Ray keeps to himself and doesn’t cause trouble on the streets. I feel so much anger on behalf of Ray, a random victim of this terrible violence, and I continue struggling to digest the fact that this kind of evil exists. It’s sad that there is enough brokenness- even here in Portland- that people feel the need to physically attack people more vulnerable than themselves. Ray’s story made me feel helpless, as there is so much that I will never be able to control or understand. Ray’s story doesn’t have a happy ending yet.

I think that the impact of hearing Ray’s story today was compounded by the fact that I spent the morning talking with Bradley, a friend of JOIN since the very beginning, who this winter was also a victim of random violence. The day after Thanksgiving, Bradley was camping in his usual spot in inner SE. Two guys pulled up in a Jeep, and while Bradley was asleep, they threw a brick onto his face and then drove away. Bradley and his campmate spent the rest of the night trying to get the bleeding to stop.

Early the next morning, the usual police officer showed up to shoo them away, but the officer took one look at Bradley and said “What happened? Get in the car, you’re going to the hospital now.” Bradley was laughing yesterday as he told me that “This officer was known as a real hard ass, but I guess when it came down to it he was a pretty good guy.” In the emergency room, Bradley found that his nose was broken in five places and that his nasal passageways were in danger. His surgery and recovery were complicated by the fact that he had also developed a severe cold from living on the streets in such chilly weather. Though the officer did a report on the incident, there were few leads to follow and this hate crime remains unsolved.

Bradley told me that sometime during his recovery process, Jarvis, one of JOIN’s outreach workers, somehow heard what happened and immediately stopped by Bradley’s hangout spot, the St. Francis Dining Hall, to hear the story. “I couldn’t believe that he approached me,” Bradley said, expressing his surprise that a social service agency would instigate housing, rather than the other way around. “It was really a shock. After that conversation I couldn’t believe how fast everything happened. It was just one friend helping another, you know? And when you put your mind to it, you can get things done fast for a friend.” Jarvis helped Bradley get back in touch with his family, get an ID, and move into an apartment. Today he’s doing great and he can’t say enough about JOIN, St. Francis Dining Hall, and wanting to help anyone else out who is in a situation like his. Bradley knows just what he would say if he ever gets the chance to speak to the person who threw the rock: “I wish I could ask them, ‘why me?’ Why did they single me out? At least though, it ended up with me being in this apartment.”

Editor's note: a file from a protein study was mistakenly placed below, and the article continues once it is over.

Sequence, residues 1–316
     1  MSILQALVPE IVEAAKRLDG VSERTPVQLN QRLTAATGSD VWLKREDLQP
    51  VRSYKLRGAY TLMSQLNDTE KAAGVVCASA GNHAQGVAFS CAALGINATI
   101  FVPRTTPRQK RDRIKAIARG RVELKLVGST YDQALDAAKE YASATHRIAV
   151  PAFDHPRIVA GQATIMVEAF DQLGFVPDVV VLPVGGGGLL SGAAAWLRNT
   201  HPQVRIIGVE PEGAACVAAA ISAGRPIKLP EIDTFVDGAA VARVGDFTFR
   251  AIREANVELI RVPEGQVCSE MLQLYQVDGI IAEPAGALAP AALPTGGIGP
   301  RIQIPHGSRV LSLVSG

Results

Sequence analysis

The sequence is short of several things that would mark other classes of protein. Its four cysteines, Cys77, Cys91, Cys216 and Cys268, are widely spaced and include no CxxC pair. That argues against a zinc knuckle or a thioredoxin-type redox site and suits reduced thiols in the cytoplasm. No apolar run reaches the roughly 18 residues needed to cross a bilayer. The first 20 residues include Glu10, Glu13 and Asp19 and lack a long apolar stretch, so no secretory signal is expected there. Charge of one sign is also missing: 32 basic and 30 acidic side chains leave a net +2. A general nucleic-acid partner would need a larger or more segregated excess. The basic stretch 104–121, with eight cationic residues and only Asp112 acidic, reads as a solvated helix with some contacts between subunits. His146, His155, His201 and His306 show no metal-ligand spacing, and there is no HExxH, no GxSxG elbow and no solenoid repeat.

Like Bradley, I don’t think I’ll ever understand why violence of this type exists or how a person could be capable of such hatred. For now, I’ll try to focus my energy on picking up the pieces and helping victims like Ray and Bradley move forward rather than dwelling passively in my frustration.

Maybe feeling this justified wounded rage on behalf of our folks is part of the process of awakening to what social justice is. Letting myself be disturbed by this, and embracing the churning frustration is going to manifest in productive action.

Monday, March 14, 2011

Birthday Surprise

By: Quinn Colling

I met Kris four months ago in NW Portland where she camped with her dog Fox. She was shy at first, hesitant to speak with us but over time began to build up some trust. My coworker Colleen and I began to learn about her story and discovered there was no reason for her to be outside. She had a reliable income, nothing unusual in her background, an honorable discharge from the military, and a strong determination to get off of the streets. Kris had been experiencing homelessness for three years and told us that she had given up on Portland. Colleen and I asked her to let us work with her and attempt to find an apartment. After a month and a half of vigilant searching, Kris found a home for herself and Fox. On move-in day, Fox chose to celebrate and showed off for us by completing a victory lap around the apartment and snuggling up with Kris on the couch.

Just the other day, after three successful months of being in housing, Kris celebrated her birthday. Colleen and I took Kris out to celebrate over a great meal. We enjoyed perhaps the biggest burgers I have seen in my life, including a doggie sized burger for Fox. We shared stories from our lives and laughed for about an hour straight. After the meal was over, Kris shared with us that she had not celebrated her birthday in five years. She told us that we helped her more in three months than anyone had in three years. The shocker, what really took me by surprise, was what she told us next. Kris said that no one had ever taken her out for birthday and that we were now family.


The power of this job never ceases to amaze me. I am incredibly honored that someone would allow us into their life and that JOIN could make such an impact in such a short time. I will be forever grateful for her kind words.